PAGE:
At the just-ended 15th Zanu-PF National People’s Conference in Victoria Falls, Higher and Tertiary Education, Science and Technology Development Minister Professor Jonathan Moyo made various potentially far-reaching remarks on the state of higher education in the country. He advocated for the adoption of the science, technology engineering and mathematics (STEM) model and made a case for bigger funding for the sector warning that not doing so threatened national security.
“Lack of Government funding of higher and tertiary education science and technology development has become an untold threat to the consolidation of the people’s power through Zim-Asset,” he said.
In the months after his appointment to the brief, the minister has been insistent on STEM, highlighting its importance and the general need for an overhaul of the country’s higher education, science and technology development sector.
In August, during an expo he said that it was not “possible to produce an educated person who has no Mathematics at O-Level”. “We want to invest a lot in science, technology engineering and mathematics (STEM), but I’m not sure whether we’ve put our money where our mouths are. The budget allocation isn’t enough. It’s not possible to achieve objectives if we’re not showing commitment in budgetary terms,” he was quoted as saying.
“About 52 percent of students at our universities are doing humanities while 29 percent are doing commercials, leaving only 19 percent to do STEM.
This shows that higher and tertiary institutions have deviated from their mandate,” said Prof Moyo.
Addressing Nust teaching and non-teaching staff members during a familiarisation meeting at the institution, in October, Prof Moyo said enrolment at the institution should show its area of specialty which is, science and technology.
“The National University of Science and Technology was set up in 1991 as a science and technology institution. One would have thought by now that tradition has been well established and speaks for itself.
“Manifestly so, that you don’t look for it; that it is even supported by numbers. But when you look at the number the Vice-Chancellor shared with us, if you look at the 2015 enrolment you have 8 555 students and out of that 49 percent are sciences and engineering, 42 percent commerce and nine percent is social sciences. Commerce and social sciences constitute 51 percent.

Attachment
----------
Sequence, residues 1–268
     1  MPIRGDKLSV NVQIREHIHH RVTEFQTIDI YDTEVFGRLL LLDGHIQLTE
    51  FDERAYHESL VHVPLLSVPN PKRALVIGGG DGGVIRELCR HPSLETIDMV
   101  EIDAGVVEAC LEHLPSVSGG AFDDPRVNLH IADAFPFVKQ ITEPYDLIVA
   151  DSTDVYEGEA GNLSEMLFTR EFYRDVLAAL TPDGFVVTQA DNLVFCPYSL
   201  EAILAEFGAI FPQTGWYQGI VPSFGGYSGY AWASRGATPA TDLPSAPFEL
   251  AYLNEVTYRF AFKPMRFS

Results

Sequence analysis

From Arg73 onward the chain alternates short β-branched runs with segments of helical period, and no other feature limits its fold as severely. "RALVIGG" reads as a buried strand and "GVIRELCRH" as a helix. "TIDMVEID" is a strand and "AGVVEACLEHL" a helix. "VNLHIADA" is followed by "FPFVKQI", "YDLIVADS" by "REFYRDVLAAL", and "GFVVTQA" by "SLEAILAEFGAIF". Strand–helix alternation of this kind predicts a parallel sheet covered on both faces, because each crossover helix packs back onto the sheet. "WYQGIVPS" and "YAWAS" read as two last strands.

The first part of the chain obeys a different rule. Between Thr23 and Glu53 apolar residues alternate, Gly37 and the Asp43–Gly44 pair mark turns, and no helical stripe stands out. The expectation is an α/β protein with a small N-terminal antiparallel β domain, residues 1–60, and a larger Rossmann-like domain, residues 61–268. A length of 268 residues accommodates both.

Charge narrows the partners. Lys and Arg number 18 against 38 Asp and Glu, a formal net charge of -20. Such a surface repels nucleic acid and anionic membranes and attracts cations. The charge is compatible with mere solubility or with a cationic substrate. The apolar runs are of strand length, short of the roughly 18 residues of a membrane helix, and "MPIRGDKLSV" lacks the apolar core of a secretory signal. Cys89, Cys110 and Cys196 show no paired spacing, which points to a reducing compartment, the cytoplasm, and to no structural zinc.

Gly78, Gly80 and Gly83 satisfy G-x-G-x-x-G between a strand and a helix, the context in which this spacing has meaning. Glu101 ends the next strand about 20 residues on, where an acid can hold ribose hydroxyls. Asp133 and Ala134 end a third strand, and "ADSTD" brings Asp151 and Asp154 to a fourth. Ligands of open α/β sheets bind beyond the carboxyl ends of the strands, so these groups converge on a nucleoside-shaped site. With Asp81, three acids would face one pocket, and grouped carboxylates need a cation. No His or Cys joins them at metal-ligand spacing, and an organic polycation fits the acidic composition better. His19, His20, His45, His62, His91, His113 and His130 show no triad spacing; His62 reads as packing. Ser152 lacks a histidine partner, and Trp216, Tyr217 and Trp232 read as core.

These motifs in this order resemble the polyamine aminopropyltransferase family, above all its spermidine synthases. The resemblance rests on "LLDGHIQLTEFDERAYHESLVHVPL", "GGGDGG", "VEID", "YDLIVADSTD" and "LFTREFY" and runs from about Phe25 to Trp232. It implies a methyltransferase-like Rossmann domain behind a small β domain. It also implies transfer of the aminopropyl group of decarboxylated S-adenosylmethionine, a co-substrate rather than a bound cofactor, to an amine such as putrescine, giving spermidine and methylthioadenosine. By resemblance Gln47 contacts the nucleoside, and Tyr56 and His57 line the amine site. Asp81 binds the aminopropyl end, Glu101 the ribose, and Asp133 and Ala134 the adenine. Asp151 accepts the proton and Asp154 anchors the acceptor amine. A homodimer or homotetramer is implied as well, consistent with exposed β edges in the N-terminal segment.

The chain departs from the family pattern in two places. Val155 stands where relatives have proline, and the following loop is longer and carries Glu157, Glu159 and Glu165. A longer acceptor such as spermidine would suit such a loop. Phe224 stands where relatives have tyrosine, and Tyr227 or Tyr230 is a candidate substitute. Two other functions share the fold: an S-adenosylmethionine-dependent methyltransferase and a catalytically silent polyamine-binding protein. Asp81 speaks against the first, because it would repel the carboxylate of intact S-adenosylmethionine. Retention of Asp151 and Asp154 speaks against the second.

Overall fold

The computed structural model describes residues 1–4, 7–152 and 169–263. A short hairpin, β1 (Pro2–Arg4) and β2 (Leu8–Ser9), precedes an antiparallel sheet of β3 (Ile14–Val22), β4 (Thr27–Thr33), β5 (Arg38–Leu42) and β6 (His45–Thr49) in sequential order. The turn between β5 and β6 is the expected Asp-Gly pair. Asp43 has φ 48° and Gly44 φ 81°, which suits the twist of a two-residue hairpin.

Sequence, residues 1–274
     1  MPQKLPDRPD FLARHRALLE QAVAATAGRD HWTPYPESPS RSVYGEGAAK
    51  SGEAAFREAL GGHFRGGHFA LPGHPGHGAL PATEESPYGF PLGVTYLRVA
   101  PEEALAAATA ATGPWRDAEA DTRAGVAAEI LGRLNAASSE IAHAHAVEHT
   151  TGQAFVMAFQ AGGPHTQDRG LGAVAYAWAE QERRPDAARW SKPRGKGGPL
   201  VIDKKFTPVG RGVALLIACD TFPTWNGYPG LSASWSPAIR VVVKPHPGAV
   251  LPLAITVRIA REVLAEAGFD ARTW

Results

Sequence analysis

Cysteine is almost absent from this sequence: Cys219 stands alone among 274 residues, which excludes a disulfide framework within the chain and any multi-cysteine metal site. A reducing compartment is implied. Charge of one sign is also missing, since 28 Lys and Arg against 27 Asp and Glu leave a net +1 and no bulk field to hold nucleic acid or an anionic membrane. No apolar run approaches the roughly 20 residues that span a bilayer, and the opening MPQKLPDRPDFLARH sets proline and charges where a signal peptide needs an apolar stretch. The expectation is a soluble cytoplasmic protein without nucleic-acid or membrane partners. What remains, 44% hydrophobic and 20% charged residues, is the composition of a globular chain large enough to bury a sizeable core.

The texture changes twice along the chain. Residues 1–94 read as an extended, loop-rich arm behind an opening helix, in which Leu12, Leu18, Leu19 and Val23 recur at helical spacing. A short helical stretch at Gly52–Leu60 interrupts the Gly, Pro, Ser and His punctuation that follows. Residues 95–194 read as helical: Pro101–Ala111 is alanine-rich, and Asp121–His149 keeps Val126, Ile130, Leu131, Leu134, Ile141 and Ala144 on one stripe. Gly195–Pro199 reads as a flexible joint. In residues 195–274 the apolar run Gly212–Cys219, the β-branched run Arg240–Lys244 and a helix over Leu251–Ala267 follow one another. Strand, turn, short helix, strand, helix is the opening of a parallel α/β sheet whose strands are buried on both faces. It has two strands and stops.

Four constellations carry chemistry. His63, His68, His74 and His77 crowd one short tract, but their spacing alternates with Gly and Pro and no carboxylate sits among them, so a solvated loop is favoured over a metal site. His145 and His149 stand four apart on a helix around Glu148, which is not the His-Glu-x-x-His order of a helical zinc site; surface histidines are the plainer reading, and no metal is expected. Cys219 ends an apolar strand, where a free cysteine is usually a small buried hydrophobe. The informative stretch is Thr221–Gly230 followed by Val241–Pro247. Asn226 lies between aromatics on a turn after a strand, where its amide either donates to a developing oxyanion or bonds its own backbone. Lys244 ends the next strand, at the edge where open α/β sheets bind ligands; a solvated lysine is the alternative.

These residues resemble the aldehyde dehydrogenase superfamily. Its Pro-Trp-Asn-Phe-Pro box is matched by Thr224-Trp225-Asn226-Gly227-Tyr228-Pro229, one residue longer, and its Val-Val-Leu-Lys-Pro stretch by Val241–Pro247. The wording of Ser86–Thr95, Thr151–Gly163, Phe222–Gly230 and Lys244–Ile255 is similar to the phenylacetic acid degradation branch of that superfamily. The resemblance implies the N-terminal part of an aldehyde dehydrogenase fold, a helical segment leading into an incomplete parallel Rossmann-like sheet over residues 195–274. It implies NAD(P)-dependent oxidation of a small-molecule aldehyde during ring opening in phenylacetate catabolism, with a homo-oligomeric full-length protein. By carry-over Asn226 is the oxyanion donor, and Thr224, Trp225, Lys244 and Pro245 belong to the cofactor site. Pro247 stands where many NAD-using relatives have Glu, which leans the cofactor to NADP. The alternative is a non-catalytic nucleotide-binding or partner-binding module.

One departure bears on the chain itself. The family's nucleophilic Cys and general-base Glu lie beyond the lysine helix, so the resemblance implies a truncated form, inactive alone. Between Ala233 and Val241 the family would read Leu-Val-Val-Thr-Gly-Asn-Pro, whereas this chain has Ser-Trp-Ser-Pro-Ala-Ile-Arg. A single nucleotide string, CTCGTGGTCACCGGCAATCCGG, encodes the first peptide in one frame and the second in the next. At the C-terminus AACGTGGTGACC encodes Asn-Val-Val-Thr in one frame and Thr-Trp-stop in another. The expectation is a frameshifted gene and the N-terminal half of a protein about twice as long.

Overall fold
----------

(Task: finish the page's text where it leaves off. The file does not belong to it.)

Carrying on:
“This is a serious talking position point given Nust’s history, its founding mandate not withstanding its challenges and this is not a matter whose implementation we should continue to suspend.
“It is no longer desirable and no longer in the national interest. We really need to go for the mandate not only today but when we come for graduation. There should be no issue that makes it impossible to happen. It should happen. If there are issues that make it difficult, we have to talk.”
The minister said higher and tertiary education will only be for those with “STEM”, a call, he said, was also supported by President Mugabe.
“Everyone is now talking about STEM. Everyone now is talking about Science, Technology, Engineering and Mathematics (STEM) as the necessary foundation for all education especially higher and tertiary education. No STEM no education,” said Prof Moyo.
He added: “You can claim that you are literate because you can spell your name, you get a Grade Seven certificate for that. You cannot claim that you are educated because you have been taught to memorise other people who wrote some things centuries ago.
“That can’t be education. You can only be educated when equipped with fundamental skills that make you useful in society.
“You cannot be useful in society when you don’t have STEM skills. You can’t even be useful to yourself.
“That is why his Excellency has been talking about STEM. Nust is supposed to be a STEM centre of excellence.”